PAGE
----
Yahoo is sending out alerts on the transformation of Yahoo Groups into a list server. The spin is ridiculous. The changes “better align with user habits,” and “we are making adjustments to ultimately serve you better.” It’s as if users had been protesting against the existence of public groups and Web-hosted discussions and Yahoo were complying with the demand.
Yahoo, in case you haven’t been keeping track (I hadn’t), now belongs to Verizon. It makes economic decisions, and one was that running public Yahoo Groups was no longer worth the cost and effort. This is the result of changing user preferences, as well as stupid policy decisions over the years that drove people away. The attempts to correct those blunders may be part of the current problem.
An ABC News Australia article calls attention to the problem of archives on magnetic tape. Author James Elton clearly knows something about digital preservation issues, as the article goes beyond the usual generalities and hand-wringing.
Tapes, on the other hand, can only be read by format-specific machines.
And dozens of formats of magnetic tape were created through the last century — one-inch, two-inch, various versions of Betamax.
I’m participating in Smashwords’ “Read an Ebook Week Sale,” from March 3 to March 9, 2019. During that time, Files that Last will be available for 50% off! Don’t miss your chance to learn about “digital preservation for everygeek” at a low price.
I recently got an email reminding me that my Google+ account will go away on April 2. My first reaction was a yawn. Google has made the service steadily less attractive over the years. I just checked my feed for the first time in months, and it consists entirely of posts by people I don’t follow, on topics I don’t care about. Posts from this blog and my writing blog get links automatically posted to Google+, but otherwise I haven’t posted in a long time.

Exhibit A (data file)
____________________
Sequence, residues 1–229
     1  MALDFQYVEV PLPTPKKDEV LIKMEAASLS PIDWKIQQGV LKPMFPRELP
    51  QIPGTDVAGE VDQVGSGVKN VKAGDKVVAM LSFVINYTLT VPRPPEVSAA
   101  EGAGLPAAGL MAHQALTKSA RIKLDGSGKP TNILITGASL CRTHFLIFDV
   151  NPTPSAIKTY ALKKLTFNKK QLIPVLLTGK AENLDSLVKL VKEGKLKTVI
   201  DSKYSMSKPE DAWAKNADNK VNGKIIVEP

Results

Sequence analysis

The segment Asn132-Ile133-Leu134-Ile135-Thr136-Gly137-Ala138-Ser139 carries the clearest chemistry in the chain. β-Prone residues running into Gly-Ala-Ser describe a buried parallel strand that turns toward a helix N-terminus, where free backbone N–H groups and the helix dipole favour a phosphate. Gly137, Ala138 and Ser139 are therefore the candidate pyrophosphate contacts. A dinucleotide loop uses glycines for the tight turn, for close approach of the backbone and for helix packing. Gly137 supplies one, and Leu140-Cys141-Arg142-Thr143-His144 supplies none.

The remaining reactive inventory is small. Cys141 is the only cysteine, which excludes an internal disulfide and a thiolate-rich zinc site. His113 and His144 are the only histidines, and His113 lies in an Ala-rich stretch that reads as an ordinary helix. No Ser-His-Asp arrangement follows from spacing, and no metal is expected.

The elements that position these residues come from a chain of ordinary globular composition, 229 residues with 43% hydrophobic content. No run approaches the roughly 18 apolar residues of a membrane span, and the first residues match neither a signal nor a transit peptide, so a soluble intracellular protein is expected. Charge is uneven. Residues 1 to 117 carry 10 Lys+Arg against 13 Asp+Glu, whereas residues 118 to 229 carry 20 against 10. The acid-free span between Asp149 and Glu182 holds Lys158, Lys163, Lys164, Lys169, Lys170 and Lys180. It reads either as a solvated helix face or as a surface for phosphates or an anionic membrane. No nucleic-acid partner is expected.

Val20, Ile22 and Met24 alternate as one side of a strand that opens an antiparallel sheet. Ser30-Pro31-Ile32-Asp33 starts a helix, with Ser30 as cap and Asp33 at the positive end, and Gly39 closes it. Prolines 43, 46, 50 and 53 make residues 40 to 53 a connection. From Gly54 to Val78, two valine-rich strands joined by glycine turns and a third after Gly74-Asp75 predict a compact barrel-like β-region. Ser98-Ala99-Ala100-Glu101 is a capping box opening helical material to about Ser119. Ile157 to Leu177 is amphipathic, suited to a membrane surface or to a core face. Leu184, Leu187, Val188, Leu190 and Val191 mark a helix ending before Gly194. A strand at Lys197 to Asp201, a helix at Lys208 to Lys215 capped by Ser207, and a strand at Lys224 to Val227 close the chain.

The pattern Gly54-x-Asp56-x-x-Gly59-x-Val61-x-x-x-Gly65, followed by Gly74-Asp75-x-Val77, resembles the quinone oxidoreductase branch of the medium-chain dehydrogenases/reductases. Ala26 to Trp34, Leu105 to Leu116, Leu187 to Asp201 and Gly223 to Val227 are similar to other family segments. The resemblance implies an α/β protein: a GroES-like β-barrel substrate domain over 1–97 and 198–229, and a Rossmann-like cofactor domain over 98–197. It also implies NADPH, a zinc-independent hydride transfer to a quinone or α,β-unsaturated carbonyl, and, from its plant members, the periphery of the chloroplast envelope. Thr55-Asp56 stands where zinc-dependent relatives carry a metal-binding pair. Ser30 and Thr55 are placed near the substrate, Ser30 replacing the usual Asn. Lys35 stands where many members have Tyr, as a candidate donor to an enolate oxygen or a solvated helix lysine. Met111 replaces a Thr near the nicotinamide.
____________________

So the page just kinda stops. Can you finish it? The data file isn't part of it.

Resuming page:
One of my posts got two comments from people I know, so it’s not totally dead, but it’s close. Google made the service as unattractive as they could. Posts by strangers keep showing up. Comments appear and disappear as you’re trying to read them. But there was a time when Google+ was somewhat useful. You might have material there which you want to save. Fortunately, Google provides a way to do this.
JHOVE is still alive and active! The Open Preservation Foundation is holding a workshop on “Getting Started with JHOVE” on January 25, 2019 in the Hague, Netherlands. The announcement says, “This workshop is aimed at beginners, or anyone who is new to JHOVE.”
OPF members get priority for registration.
Should there be songs about digital preservation? This is just a special case of the question, “Should there be songs about X?” For nearly all X, the answer is “Yes, and there probably are!” (Even — perhaps especially — if there shouldn’t be, there are.)
Someone in the Australiasian preservation community asked if AusPreserves needed a theme song. The first responses were existing popular songs, but then people started getting more creative. This led to the Digital Preservation Song Challenge!